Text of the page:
well despite you saying it has a huge spread of income.... everyone who goes there has to be able to pay the fees (unless on a bursary) so actualy relative to most people in this country these kids do have wealthier parents some of whom are clearly over indulgent.... It may be worth trying to instill some kind of money/saving sense into your dc to try and introduce some concepts of 'earning' and monetary value? Pocket money etc.....talk about how you have to work for things and not everyone has as much money etc....

loves2cycle Wed 15-Dec-10 22:49:47

I agree that even if your school isn't an exclusive private school, it will still be a wealthier group of parents and that changes the dynamics for your children. You just have to accept some of that.

My D1 went to the local state primary and became best friends with a boy who then went on to private junior school. He did have everything at 6 and it was hard explaining to my DS that santa had bought this child a PS2 when my DS got bits of playmobil and lego. Same with holidays - hard to explain why we were going to the same old cottage in the UK when he was off to either new zealand, south africa or florida.

See it as character building but do not be bullied or swayed, just stick to your own values and what you can afford.

My DS1 is 10 now and just got his first thing like this, a Wii last year. He was delighted and I like the fact that it is our only electronic game - there has to be negotiation about who is on it and when which is a good skill to develop.

as someone else said - I would be annoyed with the school for allowing electronic games in - our school has board games at the end of term. I would complain and point out to the headteacher that not every family can afford them or agrees with them in this age group.

cory Thu 16-Dec-10 08:19:42

In my world 9yos do not have IPads.

But I have never had experience of any world, from the 1960s onwards, were 9yos were not convinced that "everybody else" has everything and they do not.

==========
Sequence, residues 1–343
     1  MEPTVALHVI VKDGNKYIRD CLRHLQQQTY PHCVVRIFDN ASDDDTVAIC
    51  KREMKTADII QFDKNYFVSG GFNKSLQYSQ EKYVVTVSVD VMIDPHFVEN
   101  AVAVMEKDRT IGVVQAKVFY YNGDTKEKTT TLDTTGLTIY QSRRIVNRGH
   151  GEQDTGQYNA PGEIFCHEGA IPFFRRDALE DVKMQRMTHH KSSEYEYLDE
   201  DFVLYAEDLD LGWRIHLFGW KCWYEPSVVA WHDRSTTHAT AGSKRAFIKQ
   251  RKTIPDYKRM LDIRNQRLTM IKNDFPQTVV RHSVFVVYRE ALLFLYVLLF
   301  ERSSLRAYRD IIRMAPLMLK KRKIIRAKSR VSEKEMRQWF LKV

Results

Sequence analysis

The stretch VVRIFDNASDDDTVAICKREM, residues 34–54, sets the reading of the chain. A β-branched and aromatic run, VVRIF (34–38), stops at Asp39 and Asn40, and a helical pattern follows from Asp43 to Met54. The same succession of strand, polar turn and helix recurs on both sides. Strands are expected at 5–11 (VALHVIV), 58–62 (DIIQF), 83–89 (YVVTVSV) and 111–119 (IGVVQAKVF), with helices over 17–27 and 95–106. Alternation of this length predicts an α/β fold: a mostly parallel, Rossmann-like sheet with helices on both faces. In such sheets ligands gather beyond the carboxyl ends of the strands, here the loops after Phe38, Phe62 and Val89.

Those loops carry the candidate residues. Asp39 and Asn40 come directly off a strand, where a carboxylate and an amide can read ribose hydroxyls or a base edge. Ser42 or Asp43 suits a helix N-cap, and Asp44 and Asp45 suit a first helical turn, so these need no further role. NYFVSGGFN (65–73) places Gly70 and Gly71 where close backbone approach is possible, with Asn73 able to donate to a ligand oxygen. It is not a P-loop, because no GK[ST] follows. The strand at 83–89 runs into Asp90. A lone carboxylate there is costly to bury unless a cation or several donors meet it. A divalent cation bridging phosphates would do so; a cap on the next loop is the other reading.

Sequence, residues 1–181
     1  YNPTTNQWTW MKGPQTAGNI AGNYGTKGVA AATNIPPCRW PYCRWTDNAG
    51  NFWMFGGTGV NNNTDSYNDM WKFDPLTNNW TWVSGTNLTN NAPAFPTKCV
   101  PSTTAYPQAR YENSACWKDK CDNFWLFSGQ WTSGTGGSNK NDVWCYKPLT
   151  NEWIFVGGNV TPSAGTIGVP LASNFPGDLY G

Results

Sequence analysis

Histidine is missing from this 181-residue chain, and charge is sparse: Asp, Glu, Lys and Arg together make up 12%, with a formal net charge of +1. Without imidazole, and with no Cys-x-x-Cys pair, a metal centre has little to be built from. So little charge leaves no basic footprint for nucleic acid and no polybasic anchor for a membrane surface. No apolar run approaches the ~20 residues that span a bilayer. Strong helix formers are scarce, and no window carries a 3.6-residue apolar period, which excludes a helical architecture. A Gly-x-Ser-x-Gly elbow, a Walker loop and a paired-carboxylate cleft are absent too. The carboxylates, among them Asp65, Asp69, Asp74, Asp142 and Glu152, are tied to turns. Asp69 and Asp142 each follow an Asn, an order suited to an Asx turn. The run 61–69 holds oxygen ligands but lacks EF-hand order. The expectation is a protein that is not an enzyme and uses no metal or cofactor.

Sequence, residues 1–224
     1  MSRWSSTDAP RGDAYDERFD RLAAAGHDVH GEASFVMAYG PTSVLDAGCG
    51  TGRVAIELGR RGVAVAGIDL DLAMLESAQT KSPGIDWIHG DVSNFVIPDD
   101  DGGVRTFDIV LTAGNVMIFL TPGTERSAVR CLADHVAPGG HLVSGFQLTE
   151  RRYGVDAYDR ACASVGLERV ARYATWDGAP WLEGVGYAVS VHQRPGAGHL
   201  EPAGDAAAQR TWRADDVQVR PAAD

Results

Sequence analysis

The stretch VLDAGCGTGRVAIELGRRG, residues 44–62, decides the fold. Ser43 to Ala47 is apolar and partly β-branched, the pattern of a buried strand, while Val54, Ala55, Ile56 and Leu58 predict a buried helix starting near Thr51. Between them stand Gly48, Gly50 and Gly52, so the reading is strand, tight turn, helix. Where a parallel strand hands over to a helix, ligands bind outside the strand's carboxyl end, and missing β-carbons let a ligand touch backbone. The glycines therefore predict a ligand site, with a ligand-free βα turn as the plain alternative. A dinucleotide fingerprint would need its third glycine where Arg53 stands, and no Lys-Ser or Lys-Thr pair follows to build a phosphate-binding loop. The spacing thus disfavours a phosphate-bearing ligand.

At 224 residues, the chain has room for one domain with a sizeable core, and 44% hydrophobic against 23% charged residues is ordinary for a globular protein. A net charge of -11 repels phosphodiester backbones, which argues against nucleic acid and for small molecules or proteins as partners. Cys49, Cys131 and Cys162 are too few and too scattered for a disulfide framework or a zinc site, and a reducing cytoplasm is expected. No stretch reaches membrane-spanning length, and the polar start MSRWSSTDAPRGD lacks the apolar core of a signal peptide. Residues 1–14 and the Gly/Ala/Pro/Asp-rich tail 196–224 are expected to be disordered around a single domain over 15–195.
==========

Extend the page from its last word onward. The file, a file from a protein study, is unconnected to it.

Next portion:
grumpypants Thu 16-Dec-10 08:24:36

It's not unreasonable to have a gamimng device at 9. I'd rather my dcs were playing on their Nintendos than let loose on the PC using internet games. Unless I am breathing down ds' neck he tends to stray away from CBBC for example on line.
Plus, it's private school - why are you surprised?
Why not suggest that they think about dropping some experiences (all those lessons?) in exchange for a Wii/ Whatever/ if they really want to prioritise that?

Bonsoir Thu 16-Dec-10 08:26:33

My DD is 6 and she has had the DVDs of Pirates of the Caribbean for well over a year. She is greatly looking forward to the next film which comes out in spring 2011.

She has had no electronic devices of her own up until now, but regularly uses my computer to play "games" (educational ones) and borrows the family's iPhones to make videos, take photos and also play the few games that are on them (this is only allowed in the car).

We are giving her a Flip camera for Christmas so she can make her own films, and her grandparents are giving her an iPod Nano. I specifically didn't want her to have an iPod Touch as there are far too many games applications for my liking.

I think this is quite normal in our circles.

Greenshadow Thu 16-Dec-10 08:27:25

I would have a word with the teacher when they go back - I bet most parents would be all too glad if electronic toys were banned from school as Pointythings says.

Orissiah Fri 17-Dec-10 10:30:52

It's so much down to peer pressure, isn't it. Your DC were embarrassed not to have anything to show off when all their peers had something. It's understandable that they were cross afterwards as it must have been mortifying for them. So I can understand their response, even if I do not condone it. When I was little it was all about Barbies and Action Men (in the 70s!!). Same peer pressure, but different toys.

It is absolutely right that you teach your DC to value what they do have, but peer pressure is still stronger, often, than parental values.

Incidentally, I agree with another poster here that a DS handheld may be better that letting DCs on the PC - you can control their access to games on the DC but not necessarily on the PC...

Poshpaws Fri 17-Dec-10 10:37:19

Did you say your boys have their own PCs? Wow, lucky them. I can't get my 2 eldest off the family one without them moaning as if they own itenvy.

DS1 has a DSi, we have a Xbox 360 (which DS1 plays, the other 2 watch).

I agree Orissiah re the peer pressure thing. DS1 truly believes that all his peers have COD Black OPs and TVs in their bedrooms hmm. I know it's not true.